Homocysteine, progression of ventricular enlargement, and cognitive decline. The Second Manifestations of ARTerial disease-Magnetic Resonance Study

H.M. Jochemsen, R.P. Kloppenborg, C.P.G.M. de Groot, E. Kampman, W.P. Mali, C. de Graaf, M.I. Geerlings

Research output: Contribution to journalArticleAcademicpeer-review

13 Citations (Scopus)

Abstract

Background Homocysteine may be a modifiable risk factor for cognitive decline and brain atrophy, particularly in older persons. We examined whether homocysteine increased the risk for cognitive decline and brain atrophy, and evaluated the modifying effect of age. Methods Within the Second Manifestations of ARTerial disease-Magnetic Resonance study—a prospective cohort study among patients with atherosclerotic disease—longitudinal analyses were performed in 663 patients (mean age: 57 ± 9 years; follow-up: 3.9 ± 0.4 years). At baseline and follow-up, brain segmentation on magnetic resonance imaging was used to quantify relative (%) cortical, ventricular, and global brain volumes, and z-scores of memory and executive functioning were calculated. Linear regression analysis was used to estimate associations of homocysteine (per standard deviation increase) and hyperhomocysteinemia (HHCY) with brain volumes, memory, and executive functioning at follow-up, adjusted for baseline brain volume, memory, and executive functioning, respectively, and age, sex, and vascular risk factors. Furthermore, interaction terms between homocysteine and age (continuous) were added. Results Significant interactions were observed between total plasma homocysteine (tHcy) and age with cortical, ventricular, and global brain volume (for all three measures: P <.05), and between HHCY and age with executive functioning (P = .04), and results were stratified by age. In patients aged =65 years, increasing tHcy level and HHCY were significantly associated with progression of ventricular enlargement (B = 0.07%, 95% confidence interval [CI]: 0.01% to 0.13% and B = 0.16%, 95% CI: 0.01% to 0.31%, respectively) and with a decline in executive function (B = -0.29, 95% CI: -0.54 to -0.04 and B = -0.84, 95% CI: -1.37 to -0.32, respectively). Conclusion Elevated tHcy was related to progression of ventricular enlargement and increased the risk for a decline in executive functioning in older persons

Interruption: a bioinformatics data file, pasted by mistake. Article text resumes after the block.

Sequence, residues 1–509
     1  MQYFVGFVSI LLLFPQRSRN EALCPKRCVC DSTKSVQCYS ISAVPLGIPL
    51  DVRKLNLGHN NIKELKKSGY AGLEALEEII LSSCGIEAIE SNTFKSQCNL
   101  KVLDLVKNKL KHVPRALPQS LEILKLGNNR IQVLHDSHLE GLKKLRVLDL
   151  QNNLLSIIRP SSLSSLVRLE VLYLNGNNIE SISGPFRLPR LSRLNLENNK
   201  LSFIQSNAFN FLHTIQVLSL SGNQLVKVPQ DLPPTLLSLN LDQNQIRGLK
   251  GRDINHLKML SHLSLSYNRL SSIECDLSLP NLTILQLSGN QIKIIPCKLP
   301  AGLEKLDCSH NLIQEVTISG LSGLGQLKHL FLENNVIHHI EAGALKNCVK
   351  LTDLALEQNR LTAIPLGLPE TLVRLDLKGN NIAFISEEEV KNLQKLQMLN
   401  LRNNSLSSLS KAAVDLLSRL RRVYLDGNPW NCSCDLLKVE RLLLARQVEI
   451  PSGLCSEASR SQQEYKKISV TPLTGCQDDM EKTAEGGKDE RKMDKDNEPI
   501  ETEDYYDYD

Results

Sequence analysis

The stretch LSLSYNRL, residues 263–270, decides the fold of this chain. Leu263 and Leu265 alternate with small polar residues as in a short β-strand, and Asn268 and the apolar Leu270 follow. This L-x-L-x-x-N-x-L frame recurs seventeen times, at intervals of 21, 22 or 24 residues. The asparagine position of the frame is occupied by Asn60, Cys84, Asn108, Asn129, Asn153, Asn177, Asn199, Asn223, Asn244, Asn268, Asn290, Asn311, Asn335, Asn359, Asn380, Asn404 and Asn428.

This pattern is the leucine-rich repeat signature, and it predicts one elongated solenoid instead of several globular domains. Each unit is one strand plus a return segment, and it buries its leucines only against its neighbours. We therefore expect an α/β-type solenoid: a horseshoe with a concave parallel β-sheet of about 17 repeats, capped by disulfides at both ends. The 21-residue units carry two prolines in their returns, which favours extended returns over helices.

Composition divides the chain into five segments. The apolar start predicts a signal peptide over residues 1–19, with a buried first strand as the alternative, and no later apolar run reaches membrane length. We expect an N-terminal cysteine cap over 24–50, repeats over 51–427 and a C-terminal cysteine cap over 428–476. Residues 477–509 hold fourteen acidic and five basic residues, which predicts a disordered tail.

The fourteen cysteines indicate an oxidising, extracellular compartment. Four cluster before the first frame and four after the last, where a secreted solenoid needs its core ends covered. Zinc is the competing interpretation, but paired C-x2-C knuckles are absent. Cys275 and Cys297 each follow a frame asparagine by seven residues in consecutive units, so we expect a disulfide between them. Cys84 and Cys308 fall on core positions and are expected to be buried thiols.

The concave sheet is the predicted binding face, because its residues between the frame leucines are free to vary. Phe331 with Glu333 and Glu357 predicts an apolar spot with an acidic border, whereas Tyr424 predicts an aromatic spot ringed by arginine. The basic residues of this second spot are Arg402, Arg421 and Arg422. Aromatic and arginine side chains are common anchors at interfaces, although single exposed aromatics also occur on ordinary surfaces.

Original languageEnglish
Pages (from-to)302-309
JournalAlzheimer's & Dementia
Volume9
Issue number3
DOIs
Publication statusPublished - 2013

Keywords

  • brain atrophy
  • plasma homocysteine
  • risk-factor
  • folic-acid
  • probabilistic segmentation
  • elderly individuals
  • smart-mr
  • dementia
  • impairment
  • lesions

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